Innovation Champions and Pilot Partners from Outside In

Innovation Champions and Pilot Partners from Outside In

GUEST POST from Arlen Meyers

Creating corporate innovation is never easy and takes several steps. Carlson and Wilmot mention 5 disciplines:

1. Important Needs: Work on important customer and market needs, not just what is interesting to you.

2. Value Creation: Use the tools of value creation to create customer value fast.

3. Innovation Champions: Be an innovation champion to drive the value-creation process.

4. Innovation Teams: Use a multidisciplinary, team-based approach to innovation to create a collective, genius-level IQ.

5. Organizational Alignment: Get your team and enterprise aligned to systematically produce high-value innovations

Identifying innovation champions within your organization is not always easy. Appealing to self-interest is one tip and there are many more. However, when it comes to identifying internal champions from the outside in, it is even harder to penetrate the internal firewalls. For example, suppose you have a digital health or artificial intelligence product that you want to develop and test with a hospital or physician provider? How and where do you find those people interested in innovating who are earlyvangelists and adoptors? Unless you have a clinical champion on board, your produce is probably DOA.

What are early adopters?

Here are some ways to find them:

1. Create a free to the customer model so they don’t have to pay for it

2.Make it painless. Be sure to make your product as easy to buy and use as possible so that you do most of the work and they client gets most of the value.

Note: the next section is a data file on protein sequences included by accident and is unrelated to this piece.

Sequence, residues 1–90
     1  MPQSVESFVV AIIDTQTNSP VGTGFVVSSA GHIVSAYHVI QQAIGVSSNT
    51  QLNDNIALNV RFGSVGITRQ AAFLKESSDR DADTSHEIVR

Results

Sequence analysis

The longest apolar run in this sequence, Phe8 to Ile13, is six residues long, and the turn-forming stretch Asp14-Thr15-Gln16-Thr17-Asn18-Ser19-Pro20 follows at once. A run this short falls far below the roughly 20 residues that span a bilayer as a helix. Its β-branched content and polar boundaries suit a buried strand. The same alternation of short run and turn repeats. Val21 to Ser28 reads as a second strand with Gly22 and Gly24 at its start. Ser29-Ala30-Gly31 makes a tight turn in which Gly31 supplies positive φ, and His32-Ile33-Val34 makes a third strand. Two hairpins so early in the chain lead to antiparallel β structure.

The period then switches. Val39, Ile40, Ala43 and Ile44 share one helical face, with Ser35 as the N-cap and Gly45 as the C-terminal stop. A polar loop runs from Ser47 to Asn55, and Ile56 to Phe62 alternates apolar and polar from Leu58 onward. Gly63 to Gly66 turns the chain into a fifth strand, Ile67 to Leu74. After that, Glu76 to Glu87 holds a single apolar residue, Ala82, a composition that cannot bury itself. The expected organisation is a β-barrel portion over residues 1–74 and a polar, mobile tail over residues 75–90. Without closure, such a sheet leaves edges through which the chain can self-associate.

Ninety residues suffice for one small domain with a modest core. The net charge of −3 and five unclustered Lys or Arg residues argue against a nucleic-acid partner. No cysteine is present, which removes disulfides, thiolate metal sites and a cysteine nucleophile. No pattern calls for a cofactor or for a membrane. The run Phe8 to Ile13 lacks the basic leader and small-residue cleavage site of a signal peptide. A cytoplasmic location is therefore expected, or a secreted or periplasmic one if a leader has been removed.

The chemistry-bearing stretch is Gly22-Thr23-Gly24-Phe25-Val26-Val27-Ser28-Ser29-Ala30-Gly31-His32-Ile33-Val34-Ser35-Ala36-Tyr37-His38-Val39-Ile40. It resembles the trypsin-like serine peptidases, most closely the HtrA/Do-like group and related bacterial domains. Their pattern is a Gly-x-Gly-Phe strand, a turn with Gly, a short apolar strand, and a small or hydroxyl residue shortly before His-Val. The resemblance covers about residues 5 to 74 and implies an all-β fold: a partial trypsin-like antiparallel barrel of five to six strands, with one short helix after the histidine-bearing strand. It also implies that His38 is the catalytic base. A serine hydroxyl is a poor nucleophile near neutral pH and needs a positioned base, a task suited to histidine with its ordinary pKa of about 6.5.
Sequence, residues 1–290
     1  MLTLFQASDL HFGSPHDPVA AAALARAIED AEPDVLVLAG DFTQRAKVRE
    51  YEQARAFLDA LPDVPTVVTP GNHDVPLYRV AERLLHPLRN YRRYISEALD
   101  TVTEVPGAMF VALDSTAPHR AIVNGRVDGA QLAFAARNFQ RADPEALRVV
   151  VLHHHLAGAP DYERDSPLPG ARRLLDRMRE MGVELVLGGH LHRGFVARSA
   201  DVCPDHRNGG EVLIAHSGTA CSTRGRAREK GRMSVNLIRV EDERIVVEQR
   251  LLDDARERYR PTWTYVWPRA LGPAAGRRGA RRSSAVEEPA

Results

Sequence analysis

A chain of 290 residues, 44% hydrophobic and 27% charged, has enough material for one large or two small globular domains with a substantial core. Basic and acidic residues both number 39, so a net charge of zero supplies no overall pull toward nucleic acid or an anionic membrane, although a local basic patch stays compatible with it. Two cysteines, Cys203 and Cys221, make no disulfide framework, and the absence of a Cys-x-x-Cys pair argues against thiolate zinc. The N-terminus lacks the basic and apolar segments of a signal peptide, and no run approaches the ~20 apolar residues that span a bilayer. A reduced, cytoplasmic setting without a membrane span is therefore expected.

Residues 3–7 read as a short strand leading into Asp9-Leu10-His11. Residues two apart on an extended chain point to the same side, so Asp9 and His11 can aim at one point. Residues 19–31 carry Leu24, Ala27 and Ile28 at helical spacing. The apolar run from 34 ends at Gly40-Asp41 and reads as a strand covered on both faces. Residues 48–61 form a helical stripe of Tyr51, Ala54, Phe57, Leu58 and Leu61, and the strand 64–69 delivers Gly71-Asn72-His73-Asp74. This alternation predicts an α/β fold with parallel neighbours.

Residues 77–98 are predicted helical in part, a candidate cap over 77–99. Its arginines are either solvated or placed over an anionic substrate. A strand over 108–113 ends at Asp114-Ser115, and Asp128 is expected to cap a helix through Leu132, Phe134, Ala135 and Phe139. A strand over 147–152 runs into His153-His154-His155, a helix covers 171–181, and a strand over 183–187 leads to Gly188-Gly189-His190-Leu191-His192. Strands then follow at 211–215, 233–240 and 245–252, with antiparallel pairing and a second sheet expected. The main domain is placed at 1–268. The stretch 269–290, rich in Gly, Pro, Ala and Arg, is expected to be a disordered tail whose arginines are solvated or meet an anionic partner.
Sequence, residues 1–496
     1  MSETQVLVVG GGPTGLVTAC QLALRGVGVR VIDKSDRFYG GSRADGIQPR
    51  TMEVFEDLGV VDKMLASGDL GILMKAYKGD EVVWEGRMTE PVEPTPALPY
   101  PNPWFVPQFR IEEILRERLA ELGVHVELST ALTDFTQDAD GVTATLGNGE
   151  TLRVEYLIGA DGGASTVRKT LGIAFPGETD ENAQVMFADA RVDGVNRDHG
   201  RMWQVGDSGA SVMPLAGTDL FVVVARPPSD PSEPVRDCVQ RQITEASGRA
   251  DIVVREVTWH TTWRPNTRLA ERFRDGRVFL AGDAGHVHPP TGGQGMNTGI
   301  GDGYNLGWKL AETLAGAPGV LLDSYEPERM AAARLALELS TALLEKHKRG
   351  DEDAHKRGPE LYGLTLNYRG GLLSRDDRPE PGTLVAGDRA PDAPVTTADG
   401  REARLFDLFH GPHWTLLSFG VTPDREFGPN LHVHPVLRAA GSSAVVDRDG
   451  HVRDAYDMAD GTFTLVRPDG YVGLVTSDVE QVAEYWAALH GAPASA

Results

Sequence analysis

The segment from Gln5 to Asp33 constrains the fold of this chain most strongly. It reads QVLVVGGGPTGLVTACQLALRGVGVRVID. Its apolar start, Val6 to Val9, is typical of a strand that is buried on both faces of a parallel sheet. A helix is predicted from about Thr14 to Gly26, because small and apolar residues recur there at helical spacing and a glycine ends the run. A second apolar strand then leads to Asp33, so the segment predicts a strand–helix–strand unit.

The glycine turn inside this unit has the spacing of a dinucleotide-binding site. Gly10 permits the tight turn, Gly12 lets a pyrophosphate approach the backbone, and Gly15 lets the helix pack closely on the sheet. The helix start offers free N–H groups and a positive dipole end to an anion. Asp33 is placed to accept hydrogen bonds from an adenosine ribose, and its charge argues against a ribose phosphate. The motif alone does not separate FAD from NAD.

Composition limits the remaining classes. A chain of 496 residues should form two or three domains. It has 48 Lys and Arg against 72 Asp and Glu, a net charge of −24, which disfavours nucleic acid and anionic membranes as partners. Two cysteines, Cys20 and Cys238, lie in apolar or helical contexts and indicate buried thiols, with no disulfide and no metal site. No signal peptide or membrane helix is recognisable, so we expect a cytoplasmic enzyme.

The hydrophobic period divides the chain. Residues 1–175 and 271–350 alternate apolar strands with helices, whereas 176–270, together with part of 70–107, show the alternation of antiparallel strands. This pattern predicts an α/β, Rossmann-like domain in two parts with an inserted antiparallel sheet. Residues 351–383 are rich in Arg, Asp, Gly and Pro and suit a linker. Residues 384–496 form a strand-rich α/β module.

3. Find an internal mole, connector, maven, salesperson or doer who knows the landmines and knows how to remove the gatekeepers.

4. Be sure you know your potential target pain, who it affects and how your solution aligns with their strategy.

5. Find a third party advocate or ex-employees who can provide you with the necessary support and business intelligence.

6. Ask the grunts in the trenches . They know the leaders, who does what and who can get things done.

7. Contact those with a track record. While past accomplishes are no guarantee of future accomplishments, nor, as they say, if you want to get something done talk to someone who is busy always work, at least it will give you some warm leads. If they say no, ask “Who else should I talk to?”. Doers know other doers.

8.Social media tracking is a great place to listen. Most use it to shout.

9. Find disproportionate pain points and who has the most to gain from treating them.

10. Go big or go home. Focus on big market opportunities, or particularly painful problems for a hospital ,not tinkering. Here is the case for improvement, not innovation.

11. Bring money to the table to help offset the costs of a pilot

12. Be sure you don’t expect too much from your provider development partner

13. Don’t disrupt existing workflow or systems to implement or test the product

14. Have a legacy EMR integration plan or find a third party who can help you do it

15. Come to the table with an experienced team that can execute your pilot project plan on time and under budget.

16. Be willing to engage in revenue or equity sharing if warranted from the results of your pilot.

17. Contact the increasing numbers of hospital innovation centers

18. Join your local innovation ecosystem

19. Join the AMA physicians innovation network or the Society of Physician Entrepreneurs and chapter meetings.

20. Be sure you are able to comply with legacy EMR, WiFi and security requirements

21. Expand your networks and engage with those who have demonstrated a focused interest, e.g. the Healthcare Artificial Intelligence Linkedin group and The American Board of Artificial Intelligence in Medicine.

22. What Linkedin Sales Navigator won’t teli you